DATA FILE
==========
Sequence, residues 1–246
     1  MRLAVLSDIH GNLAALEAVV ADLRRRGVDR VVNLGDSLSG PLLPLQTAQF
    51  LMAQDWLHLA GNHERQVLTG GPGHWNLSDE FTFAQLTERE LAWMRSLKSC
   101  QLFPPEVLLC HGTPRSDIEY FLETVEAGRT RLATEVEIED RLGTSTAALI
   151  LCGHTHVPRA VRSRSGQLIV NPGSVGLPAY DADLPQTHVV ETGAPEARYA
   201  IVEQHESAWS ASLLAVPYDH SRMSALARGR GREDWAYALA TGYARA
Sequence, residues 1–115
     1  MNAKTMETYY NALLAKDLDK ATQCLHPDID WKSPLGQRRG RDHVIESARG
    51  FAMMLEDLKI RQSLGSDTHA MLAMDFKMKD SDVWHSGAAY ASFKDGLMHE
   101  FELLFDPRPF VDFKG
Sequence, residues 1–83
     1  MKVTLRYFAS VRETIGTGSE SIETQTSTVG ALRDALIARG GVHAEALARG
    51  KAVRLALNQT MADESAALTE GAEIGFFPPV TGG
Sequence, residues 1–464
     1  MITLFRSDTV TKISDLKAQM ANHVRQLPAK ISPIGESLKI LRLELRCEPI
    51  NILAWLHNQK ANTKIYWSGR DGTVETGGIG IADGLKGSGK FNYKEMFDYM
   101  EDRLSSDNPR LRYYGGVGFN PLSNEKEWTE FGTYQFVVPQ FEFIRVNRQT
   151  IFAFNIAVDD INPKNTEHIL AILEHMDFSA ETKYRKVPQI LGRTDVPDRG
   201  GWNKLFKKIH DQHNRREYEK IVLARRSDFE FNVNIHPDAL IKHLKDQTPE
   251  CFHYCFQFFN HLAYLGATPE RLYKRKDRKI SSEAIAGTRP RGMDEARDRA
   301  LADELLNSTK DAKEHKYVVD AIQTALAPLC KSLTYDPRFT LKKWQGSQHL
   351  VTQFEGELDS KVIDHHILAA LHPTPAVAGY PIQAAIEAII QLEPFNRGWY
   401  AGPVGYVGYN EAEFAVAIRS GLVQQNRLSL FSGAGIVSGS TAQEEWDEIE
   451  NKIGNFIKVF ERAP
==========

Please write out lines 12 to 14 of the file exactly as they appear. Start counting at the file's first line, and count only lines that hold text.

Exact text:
     1  MKVTLRYFAS VRETIGTGSE SIETQTSTVG ALRDALIARG GVHAEALARG
    51  KAVRLALNQT MADESAALTE GAEIGFFPPV TGG
Sequence, residues 1–464